The University of Surrey (www.surrey.ac.uk) is a research-focused University founded in 1967 with a mission that emphasizes professional and applied research. It has strong research groups in environmental science (especially life cycle analysis), the social sciences and engineering (especially space science and communications). In proportion to its size, it has the third greatest proportion of its income from research grants and contracts of all the British Universities.
The Centre for Research in Social Simulation (CRESS) (http://cress.soc.surrey.ac.uk), based in the Department of Sociology in the Faculty of Arts and Human Sciences at the University of Surrey, is a multidisciplinary centre bringing together the social sciences, software engineering and agent-based computing to promote and support the use of social simulation in research in the human sciences. CRESS is involved in a number of research projects applying simulation to policy in areas such as understanding value chains, environmental management, governance of science, web-based social networks, and basic research on modelling the evolution of social structure. It has a strong reputation in the methodology of and application of agent-based modelling. Its work has been supported by the European Commission through a number of project grants over the past 14 years and also by grants from the UK Research Councils. CRESS has extensive knowledge of computer models and modeling methods relevant to social and coupled socio-ecological-economic systems. This includes participatory modeling processes, which it has applied in a multitude of different domains and sectors.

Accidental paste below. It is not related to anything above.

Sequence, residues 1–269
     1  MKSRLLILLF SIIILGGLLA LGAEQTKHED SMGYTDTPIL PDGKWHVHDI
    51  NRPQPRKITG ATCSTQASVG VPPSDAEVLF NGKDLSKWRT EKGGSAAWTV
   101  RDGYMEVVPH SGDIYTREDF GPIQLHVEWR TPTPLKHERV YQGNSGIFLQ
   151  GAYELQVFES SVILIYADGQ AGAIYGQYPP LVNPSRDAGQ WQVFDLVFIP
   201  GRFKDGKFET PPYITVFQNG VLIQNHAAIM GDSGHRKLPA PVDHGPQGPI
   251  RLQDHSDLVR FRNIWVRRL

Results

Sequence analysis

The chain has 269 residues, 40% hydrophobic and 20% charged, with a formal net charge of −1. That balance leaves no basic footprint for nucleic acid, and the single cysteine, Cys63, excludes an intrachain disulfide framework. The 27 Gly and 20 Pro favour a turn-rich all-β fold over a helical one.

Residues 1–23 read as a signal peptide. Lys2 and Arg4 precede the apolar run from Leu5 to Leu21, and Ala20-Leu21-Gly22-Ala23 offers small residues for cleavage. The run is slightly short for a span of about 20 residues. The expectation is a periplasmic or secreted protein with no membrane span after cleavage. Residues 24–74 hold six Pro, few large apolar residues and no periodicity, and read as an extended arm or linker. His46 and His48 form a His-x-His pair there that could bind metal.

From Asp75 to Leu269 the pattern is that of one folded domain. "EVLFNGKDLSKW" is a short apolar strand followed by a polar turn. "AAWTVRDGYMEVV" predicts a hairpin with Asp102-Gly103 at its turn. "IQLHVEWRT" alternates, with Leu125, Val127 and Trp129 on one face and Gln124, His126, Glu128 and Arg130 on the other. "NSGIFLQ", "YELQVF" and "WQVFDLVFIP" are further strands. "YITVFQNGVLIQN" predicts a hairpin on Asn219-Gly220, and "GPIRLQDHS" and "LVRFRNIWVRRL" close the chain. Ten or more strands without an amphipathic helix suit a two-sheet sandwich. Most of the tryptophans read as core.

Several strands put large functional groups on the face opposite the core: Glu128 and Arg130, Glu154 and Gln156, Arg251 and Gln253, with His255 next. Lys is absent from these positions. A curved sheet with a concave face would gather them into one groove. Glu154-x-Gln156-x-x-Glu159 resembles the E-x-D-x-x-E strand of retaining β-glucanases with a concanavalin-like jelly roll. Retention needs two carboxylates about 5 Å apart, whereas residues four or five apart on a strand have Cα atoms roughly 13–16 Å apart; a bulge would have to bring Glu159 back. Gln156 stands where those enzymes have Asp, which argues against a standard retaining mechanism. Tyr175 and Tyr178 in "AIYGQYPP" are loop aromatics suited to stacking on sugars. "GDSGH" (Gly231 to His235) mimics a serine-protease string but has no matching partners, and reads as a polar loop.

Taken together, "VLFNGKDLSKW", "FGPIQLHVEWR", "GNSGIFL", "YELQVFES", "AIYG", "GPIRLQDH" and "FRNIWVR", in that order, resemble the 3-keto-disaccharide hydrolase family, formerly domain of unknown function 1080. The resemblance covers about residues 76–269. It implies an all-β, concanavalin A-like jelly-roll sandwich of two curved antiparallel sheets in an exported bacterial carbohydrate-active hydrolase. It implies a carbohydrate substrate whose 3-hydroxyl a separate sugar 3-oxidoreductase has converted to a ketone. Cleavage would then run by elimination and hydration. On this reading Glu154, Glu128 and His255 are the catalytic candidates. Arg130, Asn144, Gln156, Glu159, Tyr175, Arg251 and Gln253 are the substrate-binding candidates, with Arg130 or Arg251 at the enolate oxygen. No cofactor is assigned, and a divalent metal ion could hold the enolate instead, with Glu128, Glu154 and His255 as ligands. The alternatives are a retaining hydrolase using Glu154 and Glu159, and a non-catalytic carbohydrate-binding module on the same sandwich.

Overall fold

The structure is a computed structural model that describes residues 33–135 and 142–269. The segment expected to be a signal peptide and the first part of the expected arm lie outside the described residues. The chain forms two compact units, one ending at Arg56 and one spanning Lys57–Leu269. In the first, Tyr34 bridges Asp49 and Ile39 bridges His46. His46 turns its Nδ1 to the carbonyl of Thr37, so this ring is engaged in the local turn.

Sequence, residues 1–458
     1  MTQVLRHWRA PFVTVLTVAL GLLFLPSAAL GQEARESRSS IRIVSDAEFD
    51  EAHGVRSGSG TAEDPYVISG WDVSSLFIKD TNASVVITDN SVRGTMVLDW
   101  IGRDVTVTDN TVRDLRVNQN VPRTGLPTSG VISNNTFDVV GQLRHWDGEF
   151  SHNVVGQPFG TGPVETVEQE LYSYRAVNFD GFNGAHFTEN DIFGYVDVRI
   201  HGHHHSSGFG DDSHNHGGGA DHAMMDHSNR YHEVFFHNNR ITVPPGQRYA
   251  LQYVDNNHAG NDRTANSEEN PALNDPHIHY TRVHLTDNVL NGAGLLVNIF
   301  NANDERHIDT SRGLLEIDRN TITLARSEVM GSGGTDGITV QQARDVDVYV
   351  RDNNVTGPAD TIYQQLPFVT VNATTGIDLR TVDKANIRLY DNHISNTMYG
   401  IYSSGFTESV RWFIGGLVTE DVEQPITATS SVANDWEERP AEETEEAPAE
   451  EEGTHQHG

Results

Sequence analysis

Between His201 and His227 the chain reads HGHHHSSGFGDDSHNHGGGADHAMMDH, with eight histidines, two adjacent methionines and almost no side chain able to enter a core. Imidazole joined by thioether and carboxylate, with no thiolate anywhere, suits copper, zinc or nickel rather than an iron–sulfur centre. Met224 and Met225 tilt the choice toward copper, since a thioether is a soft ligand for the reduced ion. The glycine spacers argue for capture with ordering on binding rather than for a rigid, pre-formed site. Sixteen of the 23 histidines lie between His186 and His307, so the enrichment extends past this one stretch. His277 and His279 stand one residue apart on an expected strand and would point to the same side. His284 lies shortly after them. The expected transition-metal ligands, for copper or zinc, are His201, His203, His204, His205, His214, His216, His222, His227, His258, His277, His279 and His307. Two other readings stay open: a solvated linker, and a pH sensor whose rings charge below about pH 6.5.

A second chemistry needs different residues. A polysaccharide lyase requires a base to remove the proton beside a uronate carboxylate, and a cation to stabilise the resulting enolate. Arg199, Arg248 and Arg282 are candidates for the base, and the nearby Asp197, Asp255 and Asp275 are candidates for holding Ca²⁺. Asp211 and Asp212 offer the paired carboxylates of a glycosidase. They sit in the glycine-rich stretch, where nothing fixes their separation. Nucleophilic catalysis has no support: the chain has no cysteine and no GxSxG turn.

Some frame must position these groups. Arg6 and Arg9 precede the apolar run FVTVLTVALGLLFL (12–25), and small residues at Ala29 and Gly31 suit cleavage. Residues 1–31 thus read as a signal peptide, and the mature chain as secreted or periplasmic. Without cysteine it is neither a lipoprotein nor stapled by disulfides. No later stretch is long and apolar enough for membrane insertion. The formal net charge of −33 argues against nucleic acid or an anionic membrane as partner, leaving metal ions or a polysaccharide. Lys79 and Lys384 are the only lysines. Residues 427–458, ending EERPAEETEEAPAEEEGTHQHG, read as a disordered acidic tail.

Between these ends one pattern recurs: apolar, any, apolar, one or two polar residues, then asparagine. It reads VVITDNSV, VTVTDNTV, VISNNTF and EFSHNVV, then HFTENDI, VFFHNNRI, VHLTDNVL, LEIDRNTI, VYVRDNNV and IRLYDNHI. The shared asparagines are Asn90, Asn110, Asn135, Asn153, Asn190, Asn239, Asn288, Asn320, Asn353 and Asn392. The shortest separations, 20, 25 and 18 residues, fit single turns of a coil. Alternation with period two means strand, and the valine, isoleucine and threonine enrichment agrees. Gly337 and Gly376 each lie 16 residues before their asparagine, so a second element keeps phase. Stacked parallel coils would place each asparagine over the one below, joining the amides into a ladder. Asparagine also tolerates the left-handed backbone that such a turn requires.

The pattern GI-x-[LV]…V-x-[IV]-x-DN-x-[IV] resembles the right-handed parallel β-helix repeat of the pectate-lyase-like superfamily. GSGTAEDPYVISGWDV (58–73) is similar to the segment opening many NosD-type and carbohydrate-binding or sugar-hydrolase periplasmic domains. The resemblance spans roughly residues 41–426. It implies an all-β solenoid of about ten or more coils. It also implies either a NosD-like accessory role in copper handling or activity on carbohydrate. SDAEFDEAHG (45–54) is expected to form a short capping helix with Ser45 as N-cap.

Additionally, in the context of the ERIE project in which CRESS is currently heavily involved, it has established a network of key contacts and collected extensive knowledge on the metabolic and social networks of the Humber Region's bio-economy as well as the key causal processes driving the development of that economy. The ERIE project has also generated novel tools to enhance participatory modelling processes by improving the identification and evaluation of key “leverage points” in the system under study.
This project has received funding from the European Union’s Horizon 2020 research and innovation programme under grant agreement No 691752.